Speargun Fishing Regulations
Introduction to Speargun Fishing
Speargun fishing is the practice of underwater fishing through the use a spear propelled from a device rather than a fishing rods and reel. Speargun fishing, more commonly referred to as spear fishing, is legal in most states although there extensive restrictions can exist. Spearguns are intended for fishing only, and should be used as such. Any other use can result in charges of public endangerment. Spear fishing can take more than one form. In saltwater, especially in states such as Hawaii, spear fishing is extremely popular and a part of the culture. Many people's first experience with this sport actually started with spear fishing in Hawaii. But most states in the U.S. have their own regulations and rules when it comes to fishing with a speargun, and it is very important to understand the specific rules and regulations of each state before bringing out that speargun for some angling action.
Non-Game Fish Rules
Spearguns are used for fishing, but in most states they are only allowed for use with non-game fish. In many states the same rules apply to fishing with a speargun as with bow fishing. Never shoot a projectile towards a person or occupied campsite, don't shoot toward a dock or ramp, and never use on a fish that is not approved for spearfishing in the state or area. In states that aren't coastal, common fish that can be caught with a speargun include carp, suckers, chum, and most invasive species. Always check locally to see what is and is not considered a game fish in the area.
Most states will regulate how many points or barbs can be on any given spear. Many states have a three point and two barb rule. Spears can have no more than three points and no point can have more than two barbs on it. For this reason, many spears used in spearguns look like small tridents. Some states have different rules and regulations than this, which makes local checking important, but by far and away the three and two rule is the standard regulation for legal spears to be used with a speargun.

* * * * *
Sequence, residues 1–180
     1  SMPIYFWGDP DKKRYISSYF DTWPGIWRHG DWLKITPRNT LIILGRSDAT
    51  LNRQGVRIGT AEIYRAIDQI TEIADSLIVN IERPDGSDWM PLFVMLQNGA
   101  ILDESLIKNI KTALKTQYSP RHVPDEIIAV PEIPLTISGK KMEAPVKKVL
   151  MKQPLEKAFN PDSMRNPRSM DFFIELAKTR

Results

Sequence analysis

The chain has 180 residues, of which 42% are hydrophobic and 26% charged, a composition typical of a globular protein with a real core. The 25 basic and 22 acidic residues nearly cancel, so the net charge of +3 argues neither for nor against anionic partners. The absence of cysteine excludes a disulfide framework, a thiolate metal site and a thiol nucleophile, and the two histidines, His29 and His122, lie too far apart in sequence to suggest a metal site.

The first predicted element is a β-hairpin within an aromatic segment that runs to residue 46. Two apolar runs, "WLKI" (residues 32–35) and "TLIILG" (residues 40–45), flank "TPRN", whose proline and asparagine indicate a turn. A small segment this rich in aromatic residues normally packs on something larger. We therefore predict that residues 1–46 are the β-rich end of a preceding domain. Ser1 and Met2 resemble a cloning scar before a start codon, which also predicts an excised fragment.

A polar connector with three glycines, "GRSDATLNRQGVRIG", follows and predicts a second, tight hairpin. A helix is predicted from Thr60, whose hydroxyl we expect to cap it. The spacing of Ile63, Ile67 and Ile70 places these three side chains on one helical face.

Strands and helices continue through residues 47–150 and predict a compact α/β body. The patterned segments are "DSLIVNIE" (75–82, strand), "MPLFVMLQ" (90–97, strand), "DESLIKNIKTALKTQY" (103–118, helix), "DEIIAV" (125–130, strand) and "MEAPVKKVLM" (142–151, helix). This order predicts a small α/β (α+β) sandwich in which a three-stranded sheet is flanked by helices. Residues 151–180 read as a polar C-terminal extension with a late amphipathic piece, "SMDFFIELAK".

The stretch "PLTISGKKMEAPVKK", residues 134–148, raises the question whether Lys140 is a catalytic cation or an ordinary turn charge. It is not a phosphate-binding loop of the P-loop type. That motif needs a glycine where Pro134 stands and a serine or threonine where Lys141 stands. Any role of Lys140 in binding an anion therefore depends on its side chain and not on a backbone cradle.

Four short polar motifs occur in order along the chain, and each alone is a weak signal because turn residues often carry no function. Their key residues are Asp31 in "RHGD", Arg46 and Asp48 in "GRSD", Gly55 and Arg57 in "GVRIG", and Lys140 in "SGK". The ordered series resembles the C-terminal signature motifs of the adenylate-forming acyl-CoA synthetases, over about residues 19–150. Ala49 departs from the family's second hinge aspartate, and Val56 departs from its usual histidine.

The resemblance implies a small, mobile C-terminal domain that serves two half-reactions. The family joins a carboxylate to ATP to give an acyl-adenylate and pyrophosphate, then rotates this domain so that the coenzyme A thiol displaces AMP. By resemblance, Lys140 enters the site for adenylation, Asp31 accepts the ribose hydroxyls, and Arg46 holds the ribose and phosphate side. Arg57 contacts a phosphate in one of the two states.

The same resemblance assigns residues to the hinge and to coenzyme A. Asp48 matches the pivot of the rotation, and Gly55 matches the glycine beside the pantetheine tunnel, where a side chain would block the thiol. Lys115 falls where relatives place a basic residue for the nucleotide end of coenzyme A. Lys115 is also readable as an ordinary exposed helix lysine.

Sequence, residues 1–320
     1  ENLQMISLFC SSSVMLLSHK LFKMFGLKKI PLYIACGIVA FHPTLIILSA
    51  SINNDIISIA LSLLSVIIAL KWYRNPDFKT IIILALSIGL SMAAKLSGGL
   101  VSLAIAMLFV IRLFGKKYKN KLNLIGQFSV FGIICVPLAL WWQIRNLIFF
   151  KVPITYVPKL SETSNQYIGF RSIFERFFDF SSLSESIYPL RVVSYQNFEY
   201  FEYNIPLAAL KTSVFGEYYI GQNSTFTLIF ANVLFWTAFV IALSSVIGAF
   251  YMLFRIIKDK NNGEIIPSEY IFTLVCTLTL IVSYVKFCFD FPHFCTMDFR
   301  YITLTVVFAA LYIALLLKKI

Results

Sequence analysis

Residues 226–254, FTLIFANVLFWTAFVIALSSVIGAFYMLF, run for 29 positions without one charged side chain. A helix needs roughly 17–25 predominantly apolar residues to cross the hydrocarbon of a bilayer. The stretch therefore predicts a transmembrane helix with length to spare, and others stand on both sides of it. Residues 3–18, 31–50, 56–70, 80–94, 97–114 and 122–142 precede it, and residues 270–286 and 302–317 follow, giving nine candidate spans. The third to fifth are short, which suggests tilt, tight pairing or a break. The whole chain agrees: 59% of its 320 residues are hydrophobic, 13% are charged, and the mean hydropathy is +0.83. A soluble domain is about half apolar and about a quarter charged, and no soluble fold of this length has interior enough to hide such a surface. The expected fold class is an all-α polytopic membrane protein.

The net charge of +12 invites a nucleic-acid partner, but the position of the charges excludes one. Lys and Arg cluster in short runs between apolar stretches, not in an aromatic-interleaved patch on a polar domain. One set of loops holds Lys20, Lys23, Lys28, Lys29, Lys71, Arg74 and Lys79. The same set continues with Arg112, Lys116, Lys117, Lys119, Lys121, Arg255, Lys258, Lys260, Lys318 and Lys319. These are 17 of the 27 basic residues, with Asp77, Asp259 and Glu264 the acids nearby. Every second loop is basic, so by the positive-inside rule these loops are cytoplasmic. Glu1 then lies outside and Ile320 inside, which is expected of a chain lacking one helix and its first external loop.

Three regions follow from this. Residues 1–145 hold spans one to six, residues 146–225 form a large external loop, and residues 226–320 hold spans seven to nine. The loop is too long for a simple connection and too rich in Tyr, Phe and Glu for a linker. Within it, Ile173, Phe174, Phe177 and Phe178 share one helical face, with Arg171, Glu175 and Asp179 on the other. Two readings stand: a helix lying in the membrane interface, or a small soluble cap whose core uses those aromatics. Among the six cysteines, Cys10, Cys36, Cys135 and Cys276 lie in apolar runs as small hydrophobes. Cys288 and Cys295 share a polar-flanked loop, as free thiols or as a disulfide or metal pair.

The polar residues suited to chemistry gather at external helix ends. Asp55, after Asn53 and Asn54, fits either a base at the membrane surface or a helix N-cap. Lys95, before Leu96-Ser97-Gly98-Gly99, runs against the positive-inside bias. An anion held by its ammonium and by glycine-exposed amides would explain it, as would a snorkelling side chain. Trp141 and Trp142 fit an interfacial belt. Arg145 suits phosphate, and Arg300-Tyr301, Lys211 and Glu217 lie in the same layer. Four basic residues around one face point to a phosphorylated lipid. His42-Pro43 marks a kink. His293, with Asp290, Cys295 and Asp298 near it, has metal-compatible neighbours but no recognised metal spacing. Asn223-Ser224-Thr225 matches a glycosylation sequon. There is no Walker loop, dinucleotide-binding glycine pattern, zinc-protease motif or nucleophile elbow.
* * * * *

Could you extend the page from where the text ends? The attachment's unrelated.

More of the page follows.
A person should check up each state's rules before going spearfishing, but generally invasive species, junk fish, and non-game fish can be spear hunted and no others.
Speargun Fishing PhotographsClick thumbnail to view full-size
Speargun Tuna Fishing Video
Spear Fishing Equipment Rules
It is very important to know the specific rules for spear fishing equipment. Not only are there rules and regulations on spearguns themselves, but many states will also regulate the exact types of spears and barbs that can be used. Many states will limit the number of prongs, or limit the number of barbs that can be used on the spear prongs. Universally, poison is a big no-no, and it's important for anglers to follow these rules because spearguns aren't that common in many areas and are going to get DNR attention. Don't take any chances, study every state's rules before hitting a body of water.
Warnings on Improper Speargun Use
A speargun is like a crossbow in many ways, these are designed to be used for recreation but they are weapons and will be considered such if not used properly. Even pointing a speargun at a person can be considered a criminal threat in some (if not all) states, and spearguns should never be loaded outside of the water. The projectile function makes it a concealed weapon according to most state laws, so it cannot be carried around under a coat or in clothing. When transporting a speargun from place to place, the gun should never be loaded. This is both for safety reasons, and once again because of weapons laws in most states. Use a speargun properly and safely to make sure you have fun without any problems or even potential criminal charges (state laws on weapons are stricter and stricter).
Spearfishing Gear from Amazon
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